In recent years, Phnom Penh has seen the emergence of cafes. You can go around a particular street and you will see a café or two – and we’re not even counting the small kiosks on the roadside. Most coffee shops are located at the downtown area, meeting the demands of the growing population of Phnom Penh. But the recently opened Book Café, opted for the peace and quiet on the outskirts of the city, Borey Morha Sensok.
“My target audience is general public; however the specific audience is for people in this area. They cannot go to the cafés at the centre of the city since it is too far for them,” Chhay Sophal, Book Café founder, said.
Rather than just serving people a cup of cappuccino, Book Café offers its customers a wide range of things to enjoy.
True to its name, the shop houses about 10,000 books – politics, business, economics, health, agriculture, environment, science, religion, fictions, law, communication and all other genres available. On top of providing people a great number of reading materials, the books are written in variety of languages as well. Khmer, English, French, Thai, Chinese, Russian, German, and Vietnamese books are all there, already to be grabbed and read. Seeing the diminishing number of book lovers and readers in the country, Book Café aims to also stand as a small library.
“Most of the books here were bought with my own money. But there are some sponsors as well. Even if some of the books were kind of expensive, I still bought them because I believe people who love reading books become critical thinkers. I want to change Cambodian people’s perspective towards reading.”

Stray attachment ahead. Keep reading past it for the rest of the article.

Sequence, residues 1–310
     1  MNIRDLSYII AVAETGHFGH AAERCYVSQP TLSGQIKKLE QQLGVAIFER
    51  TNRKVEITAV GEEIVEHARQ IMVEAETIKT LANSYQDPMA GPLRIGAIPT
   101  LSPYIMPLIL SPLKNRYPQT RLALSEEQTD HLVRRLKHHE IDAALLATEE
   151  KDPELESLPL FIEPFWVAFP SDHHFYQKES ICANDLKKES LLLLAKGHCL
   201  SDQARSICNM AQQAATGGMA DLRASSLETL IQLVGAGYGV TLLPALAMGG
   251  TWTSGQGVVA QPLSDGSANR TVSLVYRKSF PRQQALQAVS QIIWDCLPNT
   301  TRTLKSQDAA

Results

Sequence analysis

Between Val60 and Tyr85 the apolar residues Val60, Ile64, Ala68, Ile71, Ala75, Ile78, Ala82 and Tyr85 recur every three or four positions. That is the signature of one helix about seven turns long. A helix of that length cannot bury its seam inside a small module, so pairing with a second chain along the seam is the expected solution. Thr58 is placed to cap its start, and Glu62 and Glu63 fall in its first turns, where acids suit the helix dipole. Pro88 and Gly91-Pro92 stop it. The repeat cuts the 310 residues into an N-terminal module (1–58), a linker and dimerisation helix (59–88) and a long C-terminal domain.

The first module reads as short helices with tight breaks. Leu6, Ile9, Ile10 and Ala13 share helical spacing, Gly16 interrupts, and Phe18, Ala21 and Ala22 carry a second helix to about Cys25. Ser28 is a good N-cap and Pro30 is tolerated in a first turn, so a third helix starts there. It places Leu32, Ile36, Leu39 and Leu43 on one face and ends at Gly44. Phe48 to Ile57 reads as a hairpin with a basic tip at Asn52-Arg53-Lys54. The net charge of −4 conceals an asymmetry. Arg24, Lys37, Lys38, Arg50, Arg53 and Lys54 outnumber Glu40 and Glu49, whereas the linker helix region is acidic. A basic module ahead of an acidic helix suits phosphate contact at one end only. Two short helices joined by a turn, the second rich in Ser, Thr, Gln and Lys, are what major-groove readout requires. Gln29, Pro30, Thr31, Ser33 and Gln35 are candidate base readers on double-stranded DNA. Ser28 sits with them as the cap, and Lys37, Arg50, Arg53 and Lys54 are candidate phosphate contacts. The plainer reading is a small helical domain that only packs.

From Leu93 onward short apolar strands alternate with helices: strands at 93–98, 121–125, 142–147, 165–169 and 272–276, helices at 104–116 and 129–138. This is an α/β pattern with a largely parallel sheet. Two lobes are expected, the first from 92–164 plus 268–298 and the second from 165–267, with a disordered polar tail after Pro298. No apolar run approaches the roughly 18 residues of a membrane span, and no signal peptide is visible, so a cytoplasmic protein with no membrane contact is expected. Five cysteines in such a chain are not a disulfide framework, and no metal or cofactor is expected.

Book Café also offers a meeting room that can fit up to 30 people, suitable for group discussions and sharing sessions for small organisations. The meeting room also serves as a classroom for the children who cannot afford to go to international schools to learn foreign languages. Students pay USD3 for monthly for the language lessons.
The café also shows some traditional media tools exhibition, as Chhay Sophal is also a media practitioner. “I collected those traditional media tools with hopes that I can show people how we communicate and get information in the past because those items are no longer used in the modern world.”
As for the drinks and light meals, customers can choose from dozens of choices for very reasonable prices. Chhay Sophal said half of the income he will generate from the café will be used to buy bikes and books for kids in rural areas.
“I want to give those kids opportunity to receive education through reading books just like kids in the city. I also donate bikes because I want them to use it when they go to school because some schools are quite far.”